Writing for the Devtome

Author's note: This article is part of an ongoing blog about my adventures in the world of alternate currencies.

Of all the ways to earn cryptocurrencies that I have come across, none is as lucrative as writing for the Devtome. The impact of this did not really sink in until after I'd been at it for about five weeks and began to see my first payments rolling in, 45,000 DVC at a time, adding up to around eight or nine dollars a day in the first round in which I got paid.

Round 24 was actually a rather poor round as far as payouts go. Still, it was orders of magnitude better than anything I'd been able to earn on any of the other websites in that same amount of time.

When I first started looking into Bitcoins I saw an ad for writing for the Devtome. Earn Devcoins by writing for the Devtome, the banner ad said. My first thought was I don't think I can handle learning about another cryptocurrency right now. Only, I didn't even know the word “cryptocurrency” so I'm not sure what word my mind used, but that was the idea. I passed over the opportunity and started happily accumulating Bitcoins through the other opportunities.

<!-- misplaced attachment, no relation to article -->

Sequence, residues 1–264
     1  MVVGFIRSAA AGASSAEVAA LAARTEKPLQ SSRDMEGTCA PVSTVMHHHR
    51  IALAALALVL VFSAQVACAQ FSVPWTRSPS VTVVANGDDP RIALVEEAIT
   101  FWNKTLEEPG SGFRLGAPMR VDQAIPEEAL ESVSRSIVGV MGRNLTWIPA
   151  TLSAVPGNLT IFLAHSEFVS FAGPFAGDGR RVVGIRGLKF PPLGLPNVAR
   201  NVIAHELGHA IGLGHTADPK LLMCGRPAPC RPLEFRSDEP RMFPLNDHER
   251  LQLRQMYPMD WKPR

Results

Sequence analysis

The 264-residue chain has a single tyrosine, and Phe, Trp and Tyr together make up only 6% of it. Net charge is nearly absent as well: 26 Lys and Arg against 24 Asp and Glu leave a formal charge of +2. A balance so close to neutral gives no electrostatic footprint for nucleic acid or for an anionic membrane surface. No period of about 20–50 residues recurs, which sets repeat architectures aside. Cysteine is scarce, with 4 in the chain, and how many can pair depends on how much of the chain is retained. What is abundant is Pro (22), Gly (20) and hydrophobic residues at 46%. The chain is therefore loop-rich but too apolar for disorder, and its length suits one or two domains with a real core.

Then I had my unfortunate experience with getting scammed, which brought me to the Bitcoin Forum. While I was just hanging around reading posts in the Newbies section I came across this thread 1) which went into more details about what writing for the Devtome entailed. Granted, this thread is somewhat over hyped so I'm not recommending every word on it. However, it reminded me of the banner ads I'd seen previously and I decided to give it a shot. The part that convinced me to go for it was learning that I could write about any topic I chose, even fiction stories.

Having so recently been scammed I decided to play it carefully. People mentioned having to wait a long time before that first payout, adding that it was worth it. I decided I'd submit content I'd already written so I didn't have to put in too much extra effort. Any content I added to the Devtome would also be published somewhere else, or at least be on my hard drive. Then if it turned out to not pay as advertised, I would immediately remove all my content and all I'd lost was some time.